# Introduction to trace estimation with `primate`

`primate`

contains a variety of methods for estimating quantities from *matrix functions*. One popular such quantity is the trace of f(A), for some generic f: [a,b] \to \mathbb{R} defined on the spectrum of A: \mathrm{tr}(f(A)) \triangleq \mathrm{tr}(U f(\Lambda) U^{\intercal}), \quad \quad f : [a,b] \to \mathbb{R}

Many quantities of common interest can be expressed in as traces of matrix functions with the right choice of f. A few such function specializations include:

\begin{align*} f(\lambda) &= \lambda \quad &\Longleftrightarrow& \quad &\mathrm{tr}(A) \\ f(\lambda) &= \lambda^{-1} \quad &\Longleftrightarrow& \quad &\mathrm{tr}(A^{-1}) \\ f(\lambda) &= \log(\lambda) \quad &\Longleftrightarrow& \quad &\mathrm{logdet}(A) \\ f(\lambda) &= \mathrm{exp}(\lambda) \quad &\Longleftrightarrow& \quad &\mathrm{exp}(A) \\ f(\lambda) &= \mathrm{sign}(\lambda) \quad &\Longleftrightarrow& \quad &\mathrm{rank}(A) \\ &\vdots \quad &\hphantom{\Longleftrightarrow}& \quad & \vdots & \end{align*}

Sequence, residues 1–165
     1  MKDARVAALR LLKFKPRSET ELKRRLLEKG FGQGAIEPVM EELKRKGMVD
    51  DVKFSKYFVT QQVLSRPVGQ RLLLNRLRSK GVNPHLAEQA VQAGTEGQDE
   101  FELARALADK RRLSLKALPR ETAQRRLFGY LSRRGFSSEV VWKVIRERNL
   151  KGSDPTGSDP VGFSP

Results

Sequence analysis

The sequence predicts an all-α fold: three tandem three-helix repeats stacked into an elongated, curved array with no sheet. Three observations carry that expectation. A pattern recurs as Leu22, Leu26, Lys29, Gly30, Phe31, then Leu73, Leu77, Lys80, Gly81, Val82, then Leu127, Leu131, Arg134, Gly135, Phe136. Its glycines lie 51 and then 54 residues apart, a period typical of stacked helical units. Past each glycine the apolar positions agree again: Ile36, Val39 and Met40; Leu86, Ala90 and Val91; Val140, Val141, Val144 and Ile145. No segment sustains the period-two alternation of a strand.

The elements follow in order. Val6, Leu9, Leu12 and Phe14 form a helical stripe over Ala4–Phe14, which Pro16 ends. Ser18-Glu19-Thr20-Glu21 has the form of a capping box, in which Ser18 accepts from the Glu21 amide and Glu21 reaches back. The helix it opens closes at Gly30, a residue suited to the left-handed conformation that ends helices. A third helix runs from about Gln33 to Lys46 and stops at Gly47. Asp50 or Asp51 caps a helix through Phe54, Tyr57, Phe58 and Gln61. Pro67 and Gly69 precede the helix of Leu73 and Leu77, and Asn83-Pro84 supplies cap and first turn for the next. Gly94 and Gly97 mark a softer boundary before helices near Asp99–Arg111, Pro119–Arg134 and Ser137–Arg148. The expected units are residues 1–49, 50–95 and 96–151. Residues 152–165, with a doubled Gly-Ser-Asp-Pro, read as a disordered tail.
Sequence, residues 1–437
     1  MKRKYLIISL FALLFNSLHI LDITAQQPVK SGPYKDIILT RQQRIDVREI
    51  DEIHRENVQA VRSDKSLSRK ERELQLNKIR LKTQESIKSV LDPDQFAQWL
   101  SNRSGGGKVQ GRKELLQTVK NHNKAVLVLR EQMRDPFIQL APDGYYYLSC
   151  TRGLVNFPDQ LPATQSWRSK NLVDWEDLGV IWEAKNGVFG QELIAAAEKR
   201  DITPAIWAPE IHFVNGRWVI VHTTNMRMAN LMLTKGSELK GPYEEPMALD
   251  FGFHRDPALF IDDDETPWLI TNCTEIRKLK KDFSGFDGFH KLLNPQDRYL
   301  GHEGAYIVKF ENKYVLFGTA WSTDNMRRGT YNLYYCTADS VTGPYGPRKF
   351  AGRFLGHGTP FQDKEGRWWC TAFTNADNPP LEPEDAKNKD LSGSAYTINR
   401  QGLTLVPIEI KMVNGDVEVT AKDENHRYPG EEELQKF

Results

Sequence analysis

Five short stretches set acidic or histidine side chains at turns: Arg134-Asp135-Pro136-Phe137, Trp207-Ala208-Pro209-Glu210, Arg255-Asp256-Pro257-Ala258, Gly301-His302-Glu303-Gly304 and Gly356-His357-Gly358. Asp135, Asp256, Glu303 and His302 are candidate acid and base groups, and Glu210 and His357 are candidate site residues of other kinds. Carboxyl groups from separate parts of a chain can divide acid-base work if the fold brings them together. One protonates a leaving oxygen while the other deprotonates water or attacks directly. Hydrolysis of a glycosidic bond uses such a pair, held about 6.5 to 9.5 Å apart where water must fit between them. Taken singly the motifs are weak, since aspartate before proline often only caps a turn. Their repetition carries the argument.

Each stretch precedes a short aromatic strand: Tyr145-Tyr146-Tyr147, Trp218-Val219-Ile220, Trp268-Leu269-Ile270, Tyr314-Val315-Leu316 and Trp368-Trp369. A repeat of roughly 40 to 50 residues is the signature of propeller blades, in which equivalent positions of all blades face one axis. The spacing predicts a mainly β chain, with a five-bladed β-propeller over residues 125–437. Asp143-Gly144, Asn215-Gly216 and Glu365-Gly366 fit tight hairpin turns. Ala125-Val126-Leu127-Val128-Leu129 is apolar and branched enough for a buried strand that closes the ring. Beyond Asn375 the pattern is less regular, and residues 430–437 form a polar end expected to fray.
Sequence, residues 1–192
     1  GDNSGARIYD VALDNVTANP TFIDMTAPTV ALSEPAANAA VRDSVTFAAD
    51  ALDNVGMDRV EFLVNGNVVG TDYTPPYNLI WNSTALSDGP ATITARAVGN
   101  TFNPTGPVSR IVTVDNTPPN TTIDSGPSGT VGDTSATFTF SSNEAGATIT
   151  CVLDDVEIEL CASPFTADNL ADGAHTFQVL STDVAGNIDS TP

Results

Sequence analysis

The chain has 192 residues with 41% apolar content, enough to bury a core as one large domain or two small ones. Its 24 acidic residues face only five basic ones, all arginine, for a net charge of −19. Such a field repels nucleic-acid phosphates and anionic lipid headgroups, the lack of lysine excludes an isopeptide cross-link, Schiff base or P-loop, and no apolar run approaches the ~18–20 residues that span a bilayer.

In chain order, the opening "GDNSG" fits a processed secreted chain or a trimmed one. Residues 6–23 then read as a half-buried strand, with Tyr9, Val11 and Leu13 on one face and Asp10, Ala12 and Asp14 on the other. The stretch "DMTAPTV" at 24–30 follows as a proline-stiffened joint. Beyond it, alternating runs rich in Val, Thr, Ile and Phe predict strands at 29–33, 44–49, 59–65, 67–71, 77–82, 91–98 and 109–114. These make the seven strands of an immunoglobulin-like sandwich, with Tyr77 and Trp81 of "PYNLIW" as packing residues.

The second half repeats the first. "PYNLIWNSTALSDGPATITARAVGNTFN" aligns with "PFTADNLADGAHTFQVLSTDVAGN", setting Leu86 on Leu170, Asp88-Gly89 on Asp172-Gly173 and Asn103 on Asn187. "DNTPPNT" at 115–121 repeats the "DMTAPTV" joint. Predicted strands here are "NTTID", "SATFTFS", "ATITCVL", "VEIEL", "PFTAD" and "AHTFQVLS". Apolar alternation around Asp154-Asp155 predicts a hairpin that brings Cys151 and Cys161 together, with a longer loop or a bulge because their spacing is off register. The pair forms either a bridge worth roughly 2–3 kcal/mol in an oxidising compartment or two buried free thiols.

In this introduction, the basics of randomized trace estimation are introduced, with a focus on how to use matrix-free algorithms to estimate traces of *matrix functions*.

## Basics: Trace computation

Suppose we wanted to compute the trace of some matrix A. By the very definition of the trace, we have a variety of means to do it: \mathrm{tr}(A) \triangleq \sum\limits_{i=1}^n A_{ii} = \sum\limits_{i=1}^n \lambda_i = \sum\limits_{i=1}^n e_i^T A e_i

where, in the right-most sum, we’re using e_i to represent the ith identity vector: A_{ii} = e_i^T A e_i, \quad e_i = [0, \dots, 0, \underbrace{1}_{i}, 0, \dots, 0]

Let’s see some code. First, we start with a simple (random) positive-definite matrix A \in \mathbb{R}^{n \times n}.

```
from primate.random import symmetric
= symmetric(150, pd = True) A
```

By default, `symmetric`

normalizes A such that the eigenvalues are uniformly distributed in the interval [0, 1]. For reference, the spectrum of A looks as follows: